Politics in Black and White
by Edward Cone
News & Record
Was Michael King able to manipulate the Greensboro City Council because he was black? Or was he more vulnerable because he was black? Or did race somehow make him both powerful and vulnerable at the same time?
The rise and fall of Reverend King, and questions about the oversight of his City-funded, non-profit homebuilder, Project Homestead, are reminders that race remains very much a part of local politics.
We’ve come a long way since Martin Luther King, Jr. spoke of judging people by the content of their character instead of the color of their skin. Overt racism, while hardly extinct, continues its generations-long retreat to the cultural margins. Yet it is still hard to discuss an instance of a black man who may have used the color of his skin to deflect attention from the content of his character.
Michael King seems to have enjoyed virtual ownership over public money for several years. He derived that power from many things, including his own talent and presence, and the good works he did with at least some of the money he received. He also leveraged the muscle of a well-organized political action committee focused on black voters, as well as membership in the NAACP and the Pulpit Forum. Nothing wrong with that, necessarily, but some City Council members want to pretend that King’s political power as a black leader had nothing to do with his free ride on the taxpayer dime.
It is the job of the Council, and of the press, to figure out how King got away with the things he is alleged to have gotten away with for so long. That means looking hard at the way race can shape public issues, and that can be a very scary thing to do.
This difficulty goes well beyond local politics. Most of us are nervous about being called racists for raising certain questions, or giving aid and comfort to the actual racists out there. The lack of grace with which local politicians sometimes address these issues (that’s you, Billy Yow) doesn’t make things any easier. But as we move further into the post-Civil Rights era, the hard questions must be considered.
Take affirmative action. If you believe, as I do, that affirmative action programs are a reasonable way to redress a lack of access to opportunity for minorities, then you have to be willing at some point to discuss the end of affirmative action programs; if they work, then sooner or later they will reach the point where their negative impact outweighs their merits. But it’s hard to talk about sunsetting affirmative action without having people look at you funny.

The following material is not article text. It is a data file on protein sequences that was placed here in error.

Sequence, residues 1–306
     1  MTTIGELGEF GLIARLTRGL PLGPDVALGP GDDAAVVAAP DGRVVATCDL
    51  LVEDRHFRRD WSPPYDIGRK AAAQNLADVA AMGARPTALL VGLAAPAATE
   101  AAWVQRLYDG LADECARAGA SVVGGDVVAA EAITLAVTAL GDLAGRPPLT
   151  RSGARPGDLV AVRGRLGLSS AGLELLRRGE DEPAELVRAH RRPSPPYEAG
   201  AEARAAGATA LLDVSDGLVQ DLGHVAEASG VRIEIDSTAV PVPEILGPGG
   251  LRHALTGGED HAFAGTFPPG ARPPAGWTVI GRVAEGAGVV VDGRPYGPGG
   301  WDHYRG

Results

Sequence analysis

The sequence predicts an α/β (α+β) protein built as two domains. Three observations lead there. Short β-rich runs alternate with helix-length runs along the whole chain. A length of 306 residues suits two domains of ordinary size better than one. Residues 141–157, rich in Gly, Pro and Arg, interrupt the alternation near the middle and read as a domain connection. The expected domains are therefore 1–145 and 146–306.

Or consider the way the press treats Al Sharpton, who (as noted by Jerry Bledsoe in a recent Rhinoceros Times article) has a well-documented history as a race-baiter, and whose anti-Semitic rhetoric has helped spark deadly violence. It’s hard to imagine City officials and the local media welcoming a white politician with similar credentials, without at least some introspection and comment, yet Sharpton’s recent award from the Civil Rights Museum’s parent organization drew only applause.
None of which is to argue that African-Americans in general enjoy some sort of privileged status in our culture, government, or economy. The opposite is still far too often true. And black men, including Michael King, die young in disproportionate numbers. But giving a pass to a handful of black leaders is easier than addressing the structural problems we face as a society, and if those leaders are the only people willing to talk about those problems in the first place, then we all get to pretend we’re dealing with the big issues without actually doing much heavy lifting.
Those of us – and I include myself – who are vigilant about race and politics need to pay attention to black, white, and shades of gray. The politicians and the press missed a big part of the story on Michael King and his now-bankrupt organization, in part, perhaps, because of King’s race. Next time – and there will be a next time – closer attention must be paid.
Edward Cone (www.edcone.com, email@example.com) writes a column for the News & Record most Sundays.